Many of the fighters who traveled to join ISIS in Iraq and Syria are students from Western universities. Two-thirds of the 25 terrorists involved in the planning and hijacking of the four aircraft in the 9/11 attacks had attended university. Mohammed Emwazi, allegedly known as the true face behind the mask of “Jihadi John”, who has carried out executions of several hostages for ISIS was a student at the University of Westminster. So instead of getting shocked by the backgrounds of the terrorists (which just adds more fuel to the whole drama that the media creates), there are more pertinent questions that must be addressed. Specifically, what kind of education is actually needed to battle the issue of radical thought? Most undergraduate programs, here in Pakistan specifically, do not emphasize the importance of the social sciences and humanities. There is a specific cultural context attached to this belief which has quite a negative impact on the youth as it leaves them susceptible to any indoctrination imposed by an extremist, be it a religious extremist, political extremist or otherwise. This may not be true for everyone but it does for most of the general public. Most people are just not taught how to think or question. Again, there are several other factors in play when addressing this issue such as political repression, societal norms, family pressure and the general wish to stay alive by staying inside the lines (especially if you are a minority). But in any case, the little regard for the social sciences in the eyes of the general public, is a fact and cannot be disputed. And it is this belief that I seek to question since how can one possibly hope to question or think about radicalism when you have not even been taught HOW to question or think about a particular concept? The historical and cultural contexts are extremely important to understand in order to base an argument against a strain of radical thought and yet we do not emphasize this importance well enough in the eyes of the youth. Through degrees such as the Bachelors of Business Administration, the educational system creates mindless consumers that are integrated in to the capitalist economic system without truly understanding what they are doing. This is basically just another strand radical thought: the neoliberal appeal for success and competition. Of course many of my friends, who are business students, may take offense at this and I agree, this does not hold true for everybody and I do not wish to point fingers at anybody, this is simply the result of years of indoctrination that everyone is subjected to, even myself. I just want to highlight the necessity for those subjects that can help a student truly learn how to think and analyze complex systems which are a mixture of social, political, economic and philosophical issues. One may argue that how can this be true since terrorists come from Western education systems too but for that there are other explanations as only by successfully analyzing and putting each issue in its relevant historical and cultural context can we create a holistic picture of what exactly each nation is facing. And that can only start with a question. We just need the courage and the will to ask it.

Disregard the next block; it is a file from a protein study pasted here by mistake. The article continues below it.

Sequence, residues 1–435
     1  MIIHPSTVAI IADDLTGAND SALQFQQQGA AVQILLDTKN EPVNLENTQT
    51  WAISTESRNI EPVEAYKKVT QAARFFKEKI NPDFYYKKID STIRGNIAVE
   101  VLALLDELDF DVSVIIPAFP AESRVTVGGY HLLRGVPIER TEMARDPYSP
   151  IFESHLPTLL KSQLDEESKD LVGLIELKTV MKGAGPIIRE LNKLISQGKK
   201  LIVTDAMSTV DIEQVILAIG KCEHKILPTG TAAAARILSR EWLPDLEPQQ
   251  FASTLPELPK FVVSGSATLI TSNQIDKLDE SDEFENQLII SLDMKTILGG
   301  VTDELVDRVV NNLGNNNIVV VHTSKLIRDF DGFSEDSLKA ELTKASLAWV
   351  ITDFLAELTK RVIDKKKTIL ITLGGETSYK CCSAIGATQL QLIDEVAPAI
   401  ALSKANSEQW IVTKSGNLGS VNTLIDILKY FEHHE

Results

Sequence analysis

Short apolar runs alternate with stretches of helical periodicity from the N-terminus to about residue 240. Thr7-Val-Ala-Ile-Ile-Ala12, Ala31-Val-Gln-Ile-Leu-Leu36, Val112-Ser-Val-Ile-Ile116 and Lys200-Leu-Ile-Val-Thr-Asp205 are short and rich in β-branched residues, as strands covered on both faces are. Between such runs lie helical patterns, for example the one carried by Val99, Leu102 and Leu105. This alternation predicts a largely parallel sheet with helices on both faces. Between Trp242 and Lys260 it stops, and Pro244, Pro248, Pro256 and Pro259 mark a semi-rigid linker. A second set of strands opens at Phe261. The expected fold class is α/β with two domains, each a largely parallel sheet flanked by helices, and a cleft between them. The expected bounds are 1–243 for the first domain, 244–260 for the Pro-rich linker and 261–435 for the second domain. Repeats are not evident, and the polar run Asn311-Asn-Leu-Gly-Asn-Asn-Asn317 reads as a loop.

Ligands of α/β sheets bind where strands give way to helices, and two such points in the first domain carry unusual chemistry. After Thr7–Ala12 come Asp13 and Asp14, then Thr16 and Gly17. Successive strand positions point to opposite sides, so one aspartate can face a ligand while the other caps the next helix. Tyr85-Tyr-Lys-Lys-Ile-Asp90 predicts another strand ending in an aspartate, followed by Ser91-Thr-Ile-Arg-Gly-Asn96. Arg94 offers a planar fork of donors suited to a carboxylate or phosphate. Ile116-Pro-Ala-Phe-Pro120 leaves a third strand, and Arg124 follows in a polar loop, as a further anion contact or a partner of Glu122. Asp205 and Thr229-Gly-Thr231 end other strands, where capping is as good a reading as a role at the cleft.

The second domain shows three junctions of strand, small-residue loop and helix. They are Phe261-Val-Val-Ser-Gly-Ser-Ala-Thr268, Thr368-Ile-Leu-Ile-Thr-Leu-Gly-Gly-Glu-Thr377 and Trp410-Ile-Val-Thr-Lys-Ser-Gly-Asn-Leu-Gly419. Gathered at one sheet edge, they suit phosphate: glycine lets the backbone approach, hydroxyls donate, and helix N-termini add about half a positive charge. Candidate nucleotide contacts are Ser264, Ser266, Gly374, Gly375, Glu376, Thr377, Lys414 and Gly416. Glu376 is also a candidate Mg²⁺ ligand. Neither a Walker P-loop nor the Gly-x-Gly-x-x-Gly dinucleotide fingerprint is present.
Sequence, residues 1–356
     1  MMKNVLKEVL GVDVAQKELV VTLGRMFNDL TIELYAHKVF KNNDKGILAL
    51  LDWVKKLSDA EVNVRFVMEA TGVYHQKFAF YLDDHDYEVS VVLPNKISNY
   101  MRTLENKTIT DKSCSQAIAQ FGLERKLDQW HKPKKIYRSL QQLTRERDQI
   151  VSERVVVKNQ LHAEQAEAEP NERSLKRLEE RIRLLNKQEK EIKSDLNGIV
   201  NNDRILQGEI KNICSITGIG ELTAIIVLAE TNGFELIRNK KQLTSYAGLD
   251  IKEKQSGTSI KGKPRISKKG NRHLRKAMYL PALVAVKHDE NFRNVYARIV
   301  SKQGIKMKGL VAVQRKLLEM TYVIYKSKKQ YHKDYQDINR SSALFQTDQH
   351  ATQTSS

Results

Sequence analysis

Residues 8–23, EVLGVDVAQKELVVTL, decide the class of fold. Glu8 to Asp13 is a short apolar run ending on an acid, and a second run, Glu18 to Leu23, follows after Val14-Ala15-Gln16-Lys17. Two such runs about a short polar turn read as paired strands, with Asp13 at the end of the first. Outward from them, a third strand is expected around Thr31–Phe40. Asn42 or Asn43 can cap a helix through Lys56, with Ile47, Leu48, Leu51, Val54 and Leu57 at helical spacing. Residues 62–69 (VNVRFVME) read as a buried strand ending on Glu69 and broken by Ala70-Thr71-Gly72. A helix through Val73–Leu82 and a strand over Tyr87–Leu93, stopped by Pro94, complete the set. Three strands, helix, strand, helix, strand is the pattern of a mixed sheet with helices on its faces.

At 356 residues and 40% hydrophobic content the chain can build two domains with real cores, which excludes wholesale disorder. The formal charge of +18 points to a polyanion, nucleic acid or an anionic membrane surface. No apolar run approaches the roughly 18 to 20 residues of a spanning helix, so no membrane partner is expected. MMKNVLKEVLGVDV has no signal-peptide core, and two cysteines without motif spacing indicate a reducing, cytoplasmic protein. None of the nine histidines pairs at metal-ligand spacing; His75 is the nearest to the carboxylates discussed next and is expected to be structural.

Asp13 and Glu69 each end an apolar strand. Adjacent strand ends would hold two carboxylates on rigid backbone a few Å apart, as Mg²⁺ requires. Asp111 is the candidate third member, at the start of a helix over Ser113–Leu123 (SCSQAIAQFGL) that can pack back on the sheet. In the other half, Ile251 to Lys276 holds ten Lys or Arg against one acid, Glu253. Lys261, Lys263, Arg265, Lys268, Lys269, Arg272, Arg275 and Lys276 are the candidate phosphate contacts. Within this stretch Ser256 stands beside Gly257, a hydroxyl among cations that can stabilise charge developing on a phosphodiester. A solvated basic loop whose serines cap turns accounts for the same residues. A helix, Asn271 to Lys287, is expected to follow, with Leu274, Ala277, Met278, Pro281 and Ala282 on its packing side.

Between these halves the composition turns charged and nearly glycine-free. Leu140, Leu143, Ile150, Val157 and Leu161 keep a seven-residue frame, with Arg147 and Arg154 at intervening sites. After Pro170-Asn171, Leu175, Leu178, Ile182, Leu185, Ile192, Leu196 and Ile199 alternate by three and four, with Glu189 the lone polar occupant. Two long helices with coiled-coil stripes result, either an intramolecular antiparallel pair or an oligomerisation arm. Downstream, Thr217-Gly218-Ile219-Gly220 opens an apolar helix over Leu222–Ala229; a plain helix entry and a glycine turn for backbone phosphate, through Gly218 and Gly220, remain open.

For more information on the students fighting for ISIS and Jihadi John, do check relevant articles on New York Times, Al Jazeera, The Economist. There’s plenty of material out there for fact-checking.
For the abhorrent ARY News online article that I kept mentioning, go here: